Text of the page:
|1||Bob Harkins Branch||HYM||Graphic Novel||Adult Graphic Novels|
|2||Bob Harkins Branch||HYM||Graphic Novel||Teen Graphic Novels|
The classic short story--now in full color
Shirley Jackson's short story "The Lottery" continues to thrill and unsettle readers nearly seven decades after it was first published. By turns puzzling and harrowing, "The Lottery" raises troubling questions about conformity, tradition, and the ritualized violence that may haunt even the most bucolic, peaceful village.
This graphic adaptation by Jackson's grandson Miles Hyman allows readers to experience "The Lottery" as never before, or to discover it anew. He has crafted an eerie vision of the hamlet where the tale unfolds and the unforgettable ritual its inhabitants set into motion. Hyman's full-color, meticulously detailed panels create a noirish atmosphere that adds a new dimension of dread to the original story.
Shirley Jackson's "The Lottery": The Authorized Graphic Adaptation stands as a tribute to Jackson, and reenvisions her iconic story as a striking visual narrative.
Miles Hyman has illustrated books for adults and children, and his work has been exhibited at the Eiffel Tower. He lives in Los Angeles.
Library Journal Review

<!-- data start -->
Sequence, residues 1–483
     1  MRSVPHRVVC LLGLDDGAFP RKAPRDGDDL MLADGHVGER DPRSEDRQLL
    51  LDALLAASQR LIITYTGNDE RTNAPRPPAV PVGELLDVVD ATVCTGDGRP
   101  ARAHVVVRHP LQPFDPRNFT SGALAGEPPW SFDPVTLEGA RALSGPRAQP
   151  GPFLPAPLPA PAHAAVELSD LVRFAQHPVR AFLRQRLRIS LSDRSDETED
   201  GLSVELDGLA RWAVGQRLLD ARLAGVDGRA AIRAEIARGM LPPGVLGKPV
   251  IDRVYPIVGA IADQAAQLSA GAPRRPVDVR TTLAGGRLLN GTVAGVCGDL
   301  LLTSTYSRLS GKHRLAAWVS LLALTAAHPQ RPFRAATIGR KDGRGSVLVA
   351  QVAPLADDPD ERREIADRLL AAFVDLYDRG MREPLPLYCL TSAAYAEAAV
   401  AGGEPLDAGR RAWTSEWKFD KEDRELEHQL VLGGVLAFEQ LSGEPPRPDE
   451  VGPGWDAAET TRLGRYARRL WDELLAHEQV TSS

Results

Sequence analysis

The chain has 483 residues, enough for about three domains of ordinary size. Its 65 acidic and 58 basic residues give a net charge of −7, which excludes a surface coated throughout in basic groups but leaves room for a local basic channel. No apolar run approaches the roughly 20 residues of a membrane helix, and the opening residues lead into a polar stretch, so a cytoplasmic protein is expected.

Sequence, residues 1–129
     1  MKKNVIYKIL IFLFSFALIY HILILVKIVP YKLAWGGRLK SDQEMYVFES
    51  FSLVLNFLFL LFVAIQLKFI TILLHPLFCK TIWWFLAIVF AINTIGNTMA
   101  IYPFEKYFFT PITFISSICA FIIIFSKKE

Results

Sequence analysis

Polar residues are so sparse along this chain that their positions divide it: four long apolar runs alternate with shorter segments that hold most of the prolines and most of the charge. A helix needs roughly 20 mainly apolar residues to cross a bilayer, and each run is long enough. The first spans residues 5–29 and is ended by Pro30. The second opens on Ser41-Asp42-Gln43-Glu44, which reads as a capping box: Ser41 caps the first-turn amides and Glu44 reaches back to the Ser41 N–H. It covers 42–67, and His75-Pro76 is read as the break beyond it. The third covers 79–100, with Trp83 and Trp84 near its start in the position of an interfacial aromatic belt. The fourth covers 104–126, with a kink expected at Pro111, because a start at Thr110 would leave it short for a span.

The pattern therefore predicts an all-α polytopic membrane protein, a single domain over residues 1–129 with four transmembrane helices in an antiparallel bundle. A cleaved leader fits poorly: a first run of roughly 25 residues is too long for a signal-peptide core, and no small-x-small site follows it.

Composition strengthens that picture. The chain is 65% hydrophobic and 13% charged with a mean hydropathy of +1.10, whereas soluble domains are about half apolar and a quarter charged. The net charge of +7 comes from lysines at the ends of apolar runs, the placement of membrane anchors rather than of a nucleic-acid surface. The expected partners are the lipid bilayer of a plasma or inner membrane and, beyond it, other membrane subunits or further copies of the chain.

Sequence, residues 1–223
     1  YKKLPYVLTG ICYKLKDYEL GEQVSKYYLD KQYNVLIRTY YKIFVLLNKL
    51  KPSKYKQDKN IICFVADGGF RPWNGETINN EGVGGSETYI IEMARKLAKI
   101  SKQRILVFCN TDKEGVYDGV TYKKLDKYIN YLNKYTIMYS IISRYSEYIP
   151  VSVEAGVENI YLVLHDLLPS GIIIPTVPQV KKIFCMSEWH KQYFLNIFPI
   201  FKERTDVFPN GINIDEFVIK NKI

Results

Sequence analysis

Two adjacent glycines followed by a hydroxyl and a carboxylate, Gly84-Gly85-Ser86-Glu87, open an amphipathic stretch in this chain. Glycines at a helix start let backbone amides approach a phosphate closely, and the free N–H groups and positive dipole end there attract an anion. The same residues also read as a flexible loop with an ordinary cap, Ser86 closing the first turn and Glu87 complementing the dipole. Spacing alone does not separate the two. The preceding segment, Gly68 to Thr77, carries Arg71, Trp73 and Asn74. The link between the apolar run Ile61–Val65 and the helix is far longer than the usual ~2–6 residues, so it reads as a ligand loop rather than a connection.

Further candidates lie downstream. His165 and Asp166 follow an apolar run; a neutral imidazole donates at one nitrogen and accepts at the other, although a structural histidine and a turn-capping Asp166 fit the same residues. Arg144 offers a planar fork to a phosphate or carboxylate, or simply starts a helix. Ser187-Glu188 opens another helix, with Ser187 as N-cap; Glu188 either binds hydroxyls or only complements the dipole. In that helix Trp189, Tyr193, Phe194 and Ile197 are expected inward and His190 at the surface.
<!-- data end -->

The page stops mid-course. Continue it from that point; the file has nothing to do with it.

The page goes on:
A well-known short story often assigned in literature classes, Jackson's "The Lottery" slowly unveils the grim details of a yearly ritual in a small community in rural America. The ritual's origins are forgotten, and other towns have given it up, but these villagers keep the tradition out of habit, superstitious expectations for a better harvest, and paradoxical benefits of group cohesion despite a deadly outcome. How much cruelty, asks Jackson rhetorically, do we cause out of habit or peer pressure? The Salem witch hunts, pogroms, "queer-bashing," and Internet bullying all have commonalities with this odd lottery that seems to draw more from ancient practices than from the modern world. Hyman (The Black Dahlia), Jackson's grandson, imbues realistic characters with a blocky stoicism in full-color panels flooded with sun-parched orange light. Much of the rendition is wordless, the art carrying this tale of quiet horror. VERDICT This standout work featuring a violent and inhumane tradition within a mundane setting will get readers thinking about causes and effects of our actions. For general readers as well as educators and librarians working with teens and adults alike.-MC © Copyright 2016. Library Journals LLC, a wholly owned subsidiary of Media Source, Inc. No redistribution permitted.